Employees are costing their companies billions of pounds a year by using their mobile phones at their desks.
Research conducted for telephony hardware company Mitel says 48% of all UK employees are using their mobiles at their desks.
Despite the fact that calls made from a mobile typically cost double those made on a landline, employers are being slow to clamp down on staff using mobile phones from within the office, says Mitel.
By submitting your personal information, you agree that TechTarget and its partners may contact you regarding relevant content, products and special offers.
The research says that if companies could persuade employees to avoid just one five-minute mobile call a day it could save UK industry around £2.5bn a year.
Continental Research conducted 200 telephone interviews with senior business managers at organisations with an annual turnover of over £1m.
The research found that 55% of users making mobile calls from their desks did so because their mobile contained all their contact numbers.
Another excuse, offered by 41% of mobile users, was that their device offered them greater privacy when in the office.
Graham Bevington, Mitel UK managing director, said, “Organisations should think about supplying employees with a single number that follows them regardless of location or device.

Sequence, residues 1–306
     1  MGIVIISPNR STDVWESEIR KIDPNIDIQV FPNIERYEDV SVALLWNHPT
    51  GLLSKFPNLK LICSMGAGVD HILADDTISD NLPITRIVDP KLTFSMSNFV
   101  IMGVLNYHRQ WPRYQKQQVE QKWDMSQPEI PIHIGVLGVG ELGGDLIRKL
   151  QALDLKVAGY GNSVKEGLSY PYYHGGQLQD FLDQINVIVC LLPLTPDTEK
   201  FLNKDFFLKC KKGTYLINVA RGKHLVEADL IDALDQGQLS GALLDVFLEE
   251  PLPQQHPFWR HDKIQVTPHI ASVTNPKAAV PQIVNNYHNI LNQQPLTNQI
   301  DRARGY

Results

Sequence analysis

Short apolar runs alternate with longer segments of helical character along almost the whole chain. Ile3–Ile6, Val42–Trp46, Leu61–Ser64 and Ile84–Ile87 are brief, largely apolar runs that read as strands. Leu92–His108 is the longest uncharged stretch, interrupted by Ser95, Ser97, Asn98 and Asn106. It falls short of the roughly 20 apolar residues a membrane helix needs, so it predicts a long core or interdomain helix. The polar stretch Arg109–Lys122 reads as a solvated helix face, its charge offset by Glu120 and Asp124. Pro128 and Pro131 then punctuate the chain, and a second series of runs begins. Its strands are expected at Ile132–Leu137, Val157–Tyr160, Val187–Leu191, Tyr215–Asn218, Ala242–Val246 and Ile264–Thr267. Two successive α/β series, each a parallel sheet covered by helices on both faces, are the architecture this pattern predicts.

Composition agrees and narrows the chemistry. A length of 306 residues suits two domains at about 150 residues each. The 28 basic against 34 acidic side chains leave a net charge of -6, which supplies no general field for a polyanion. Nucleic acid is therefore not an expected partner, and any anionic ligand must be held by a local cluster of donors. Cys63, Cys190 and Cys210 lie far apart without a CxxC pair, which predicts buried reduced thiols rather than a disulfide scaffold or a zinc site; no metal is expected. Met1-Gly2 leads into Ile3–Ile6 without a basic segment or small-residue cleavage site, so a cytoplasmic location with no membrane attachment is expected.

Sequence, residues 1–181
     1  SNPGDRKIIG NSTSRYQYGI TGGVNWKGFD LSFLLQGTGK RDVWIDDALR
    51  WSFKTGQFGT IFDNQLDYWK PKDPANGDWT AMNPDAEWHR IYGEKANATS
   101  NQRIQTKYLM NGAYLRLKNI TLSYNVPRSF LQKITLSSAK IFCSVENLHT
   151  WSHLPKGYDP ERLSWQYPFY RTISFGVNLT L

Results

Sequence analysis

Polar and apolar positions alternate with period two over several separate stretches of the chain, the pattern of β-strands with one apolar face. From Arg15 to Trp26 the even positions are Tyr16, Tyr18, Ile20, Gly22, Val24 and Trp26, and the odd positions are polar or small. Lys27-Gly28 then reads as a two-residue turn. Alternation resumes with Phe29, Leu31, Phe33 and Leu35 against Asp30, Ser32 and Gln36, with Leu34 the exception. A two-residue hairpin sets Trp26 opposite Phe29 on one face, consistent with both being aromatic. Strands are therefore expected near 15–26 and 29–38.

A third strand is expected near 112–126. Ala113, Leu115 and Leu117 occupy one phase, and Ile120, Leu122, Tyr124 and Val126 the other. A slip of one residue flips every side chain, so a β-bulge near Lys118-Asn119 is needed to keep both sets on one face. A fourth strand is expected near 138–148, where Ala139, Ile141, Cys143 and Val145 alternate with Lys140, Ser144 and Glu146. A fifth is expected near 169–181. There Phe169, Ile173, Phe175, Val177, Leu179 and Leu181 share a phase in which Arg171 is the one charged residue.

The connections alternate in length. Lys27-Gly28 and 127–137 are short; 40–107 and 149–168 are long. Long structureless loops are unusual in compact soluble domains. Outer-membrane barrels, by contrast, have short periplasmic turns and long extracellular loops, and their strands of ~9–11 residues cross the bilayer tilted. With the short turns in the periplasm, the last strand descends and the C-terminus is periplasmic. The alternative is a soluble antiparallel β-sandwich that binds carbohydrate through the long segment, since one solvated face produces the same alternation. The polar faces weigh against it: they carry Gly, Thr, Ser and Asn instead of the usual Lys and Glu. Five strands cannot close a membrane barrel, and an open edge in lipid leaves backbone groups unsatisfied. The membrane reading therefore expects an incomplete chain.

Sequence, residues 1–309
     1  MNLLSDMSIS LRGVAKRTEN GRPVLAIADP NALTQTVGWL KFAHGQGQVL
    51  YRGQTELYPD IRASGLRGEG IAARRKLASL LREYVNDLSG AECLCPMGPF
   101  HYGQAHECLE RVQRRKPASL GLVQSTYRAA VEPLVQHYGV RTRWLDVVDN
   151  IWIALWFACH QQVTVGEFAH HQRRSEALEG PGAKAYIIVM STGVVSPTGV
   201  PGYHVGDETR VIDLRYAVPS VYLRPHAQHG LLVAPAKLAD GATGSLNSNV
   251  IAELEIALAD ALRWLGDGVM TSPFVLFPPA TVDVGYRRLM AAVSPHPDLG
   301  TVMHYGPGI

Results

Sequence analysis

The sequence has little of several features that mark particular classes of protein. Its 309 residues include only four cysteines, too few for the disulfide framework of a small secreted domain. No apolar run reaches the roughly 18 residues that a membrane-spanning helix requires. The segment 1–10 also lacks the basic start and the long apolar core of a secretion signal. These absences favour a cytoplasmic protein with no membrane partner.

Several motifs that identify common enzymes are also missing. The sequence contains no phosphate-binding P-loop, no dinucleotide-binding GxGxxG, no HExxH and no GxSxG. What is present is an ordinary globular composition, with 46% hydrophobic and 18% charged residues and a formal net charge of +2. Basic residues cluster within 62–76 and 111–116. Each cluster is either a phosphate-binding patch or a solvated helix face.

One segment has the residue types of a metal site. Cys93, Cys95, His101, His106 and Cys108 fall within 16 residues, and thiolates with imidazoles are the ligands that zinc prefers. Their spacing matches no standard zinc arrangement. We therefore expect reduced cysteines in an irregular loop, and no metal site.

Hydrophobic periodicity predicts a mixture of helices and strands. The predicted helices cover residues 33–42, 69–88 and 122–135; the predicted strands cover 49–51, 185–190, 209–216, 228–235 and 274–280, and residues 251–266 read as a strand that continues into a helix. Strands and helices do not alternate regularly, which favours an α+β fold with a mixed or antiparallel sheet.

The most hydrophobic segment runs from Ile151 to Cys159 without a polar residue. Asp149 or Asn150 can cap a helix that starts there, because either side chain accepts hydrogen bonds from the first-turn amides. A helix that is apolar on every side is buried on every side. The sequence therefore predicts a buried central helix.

“Costs can be reduced by increasing the proportion of calls made to a landline rather than a mobile and it could be a major boost to productivity by increasing availability and avoiding voicemail ping pong.”
Mitel is one of a number of suppliers that sell such unified communications solutions. Companies including BT, Avaya and Nokia sell mobile phones that automatically connect calls over landlines when in range of a fixed network.
These phones only connect to a more expensive mobile network when not in range of the fixed network.
Vote for your IT greats
Who have been the most influential people in IT in the past 40 years? The greatest organisations? The best hardware and software technologies? As part of Computer Weekly’s 40th anniversary celebrations, we are asking our readers who and what has really made a difference?
Vote now at: www.computerweekly.com/ITgreats